It's fascinating to me how it's never too late too learn something new about yourself and your life as you think you know it.
This happened to me a couple of weeks ago.
I've mentioned a website called Spotify.
It contains almost every record album one can imagine.
I've downloaded many that interest me.
Usually stuff that would be regarded by most of you as "old".
I recently did a search there for "Spike Jones".
No, not the movie director.
The old bandleader.
His band was known as the City Slickers.
His approach to music was a humorous one, supplying raucous sound effects to such dignified melodies as "Cocktails For Two".
The closest comp to Spike Jones was Victor Borge.
The approach to music was the same, but Borge's was a lot more subtle.
He never had his trombonists play the slide with their feet and with their pants rolled up.
So I was scouring Spotify for Spike Jones albums, and started playing one.
And one cut completely stopped me in my tracks.
It was called "My Pretty Girl", and was sung by a male chorus.
The lyrics went something like:
"My Pretty Girl
My Pretty Girl
My Girl is Very Pretty"....and went on from there.
There was nothing particularly funny about "My Pretty Girl"
At least not "funny ha-ha".
But it sure was "funny peculiar".
It happens to be the same tune as a song my mother used to sing to me when I was four.
Only my mother's version was called "My Poohpie Boy".
And when I was four, I clamored for it.
I couldn't get enough of it.
Her version went:
"My Poohpie Boy
My Poohpie Boy
My Poohpie is a shmoohpie"
There was a middle part, or release, to it, and it too was the same as "My Pretty Girl".
Yes, I remember that, as well.
That's how weird I am.
I think that one of the reasons I always clamored for it is that I thought that my mother had composed it.
She never indicated otherwise.
And now, over sixty years later, I find out that she was merely ripping off Spike Jones.
What a rude awakening.
You can search by typing in my name, Cindy Williams, Laverne and Shirley, The Odd Couple, or Happy Days.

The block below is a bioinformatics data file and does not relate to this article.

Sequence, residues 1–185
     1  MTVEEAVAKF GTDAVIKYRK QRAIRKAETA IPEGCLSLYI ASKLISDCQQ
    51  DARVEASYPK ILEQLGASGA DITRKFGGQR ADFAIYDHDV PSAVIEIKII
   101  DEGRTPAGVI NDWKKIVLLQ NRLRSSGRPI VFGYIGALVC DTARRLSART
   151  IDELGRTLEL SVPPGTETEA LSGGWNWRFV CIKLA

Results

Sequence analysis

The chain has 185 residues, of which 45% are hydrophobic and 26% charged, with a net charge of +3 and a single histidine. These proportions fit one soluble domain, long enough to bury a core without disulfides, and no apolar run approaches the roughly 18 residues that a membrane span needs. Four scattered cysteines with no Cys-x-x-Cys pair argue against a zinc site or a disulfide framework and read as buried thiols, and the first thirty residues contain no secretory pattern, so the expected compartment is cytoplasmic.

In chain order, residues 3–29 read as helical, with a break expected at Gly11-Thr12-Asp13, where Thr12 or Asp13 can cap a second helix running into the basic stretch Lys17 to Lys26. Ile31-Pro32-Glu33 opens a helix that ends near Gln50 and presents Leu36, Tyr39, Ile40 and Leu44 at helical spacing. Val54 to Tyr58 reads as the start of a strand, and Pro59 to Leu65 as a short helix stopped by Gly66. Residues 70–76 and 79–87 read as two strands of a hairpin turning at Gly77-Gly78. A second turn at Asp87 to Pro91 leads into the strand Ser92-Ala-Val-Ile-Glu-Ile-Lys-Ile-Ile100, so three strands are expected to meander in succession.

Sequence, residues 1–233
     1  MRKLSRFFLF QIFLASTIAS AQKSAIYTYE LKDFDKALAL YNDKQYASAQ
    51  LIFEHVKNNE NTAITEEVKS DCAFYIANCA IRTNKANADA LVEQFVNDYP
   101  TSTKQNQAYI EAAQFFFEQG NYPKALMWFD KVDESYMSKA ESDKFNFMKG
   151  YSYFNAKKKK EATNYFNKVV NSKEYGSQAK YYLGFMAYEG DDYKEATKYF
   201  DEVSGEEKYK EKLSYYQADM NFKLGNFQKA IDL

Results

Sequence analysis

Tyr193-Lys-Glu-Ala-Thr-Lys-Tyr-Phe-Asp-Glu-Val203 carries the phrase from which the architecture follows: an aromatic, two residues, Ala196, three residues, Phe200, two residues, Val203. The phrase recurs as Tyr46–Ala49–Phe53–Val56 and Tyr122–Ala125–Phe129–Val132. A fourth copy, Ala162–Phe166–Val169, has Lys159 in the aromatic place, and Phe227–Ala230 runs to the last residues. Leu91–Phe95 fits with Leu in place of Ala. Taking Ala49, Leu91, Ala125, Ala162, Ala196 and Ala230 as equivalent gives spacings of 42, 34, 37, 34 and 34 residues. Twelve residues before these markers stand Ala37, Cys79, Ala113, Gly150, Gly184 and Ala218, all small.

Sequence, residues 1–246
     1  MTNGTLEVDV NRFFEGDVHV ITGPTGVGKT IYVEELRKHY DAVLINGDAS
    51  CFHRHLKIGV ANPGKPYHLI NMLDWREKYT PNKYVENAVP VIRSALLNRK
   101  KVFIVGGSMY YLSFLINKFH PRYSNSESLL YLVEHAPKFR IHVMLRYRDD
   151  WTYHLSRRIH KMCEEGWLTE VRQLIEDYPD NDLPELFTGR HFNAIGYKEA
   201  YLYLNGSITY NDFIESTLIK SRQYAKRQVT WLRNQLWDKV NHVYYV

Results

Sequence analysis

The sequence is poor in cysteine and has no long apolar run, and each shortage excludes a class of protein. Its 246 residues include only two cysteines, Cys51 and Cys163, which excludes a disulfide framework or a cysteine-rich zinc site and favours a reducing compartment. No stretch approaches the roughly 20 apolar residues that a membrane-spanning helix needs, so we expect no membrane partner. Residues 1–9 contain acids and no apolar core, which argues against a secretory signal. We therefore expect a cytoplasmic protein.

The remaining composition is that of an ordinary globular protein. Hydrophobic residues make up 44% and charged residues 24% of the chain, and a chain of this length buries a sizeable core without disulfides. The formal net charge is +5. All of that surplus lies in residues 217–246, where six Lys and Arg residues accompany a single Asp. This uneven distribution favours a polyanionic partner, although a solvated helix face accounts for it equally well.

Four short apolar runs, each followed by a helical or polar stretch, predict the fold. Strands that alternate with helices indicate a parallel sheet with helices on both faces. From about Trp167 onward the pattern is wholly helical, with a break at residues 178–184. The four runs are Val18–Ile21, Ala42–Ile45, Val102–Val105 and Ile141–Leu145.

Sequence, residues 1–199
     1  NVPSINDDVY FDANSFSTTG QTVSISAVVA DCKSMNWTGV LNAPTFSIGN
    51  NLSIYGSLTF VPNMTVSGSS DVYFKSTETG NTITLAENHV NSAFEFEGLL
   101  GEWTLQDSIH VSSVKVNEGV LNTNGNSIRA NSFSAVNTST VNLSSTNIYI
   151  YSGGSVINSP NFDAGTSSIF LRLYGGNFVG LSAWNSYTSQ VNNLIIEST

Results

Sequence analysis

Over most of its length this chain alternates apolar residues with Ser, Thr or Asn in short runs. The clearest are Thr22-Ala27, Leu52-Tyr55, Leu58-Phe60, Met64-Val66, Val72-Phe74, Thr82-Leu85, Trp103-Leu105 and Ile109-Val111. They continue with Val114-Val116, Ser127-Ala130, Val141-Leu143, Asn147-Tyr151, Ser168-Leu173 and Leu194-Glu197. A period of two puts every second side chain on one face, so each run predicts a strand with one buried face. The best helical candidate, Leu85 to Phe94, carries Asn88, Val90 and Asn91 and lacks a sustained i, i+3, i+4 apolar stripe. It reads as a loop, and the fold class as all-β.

My books ,"Show Runner" and it's sequel, "Show Runner Two", can be found at the Amazon Kindle Store.
Along with the newer ones, "The Man Is Dead", and "Report Cards".
Check them out.
You don't need a Kindle machine to download them.
Just get the free app from Kindle, and they can be downloaded to an IPhone, IPad, or Blackberry.
The paperbacks, "Mark Rothman's Essays" and my new novel, "I'm Not Garbo" are not e-books.
But they are available for people without Kindle.
I have many readings and signings lined up for those, and the thing about Kindle is you can't sign one.
If you'd like one of the paperbacks, personally autographed, contact me at email@example.com.
And now, we've got my reading of my "Laverne and Shirley Movie" screenplay on YouTube, and my 4-hour interview at the Television Academy's Emmy TV Legends Website.
Here's the link:
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- mark rothman
- Hi. I am, according to my Wikipedia entry,(which I did not create) a noted television writer, playwright, screenwriter, and occasional actor. You can Google me or go to the IMDB to get my credits, and you can come here to get my opinions on things, which I'll try to express eloquently. Hopefully I'll succeed. You can also e-mail me at firstname.lastname@example.org. Perhaps my biggest claim to fame is being responsible, for about six months in 1975, while Head Writer for the "Happy Days" TV series, for Americans saying to each other "Sit on it."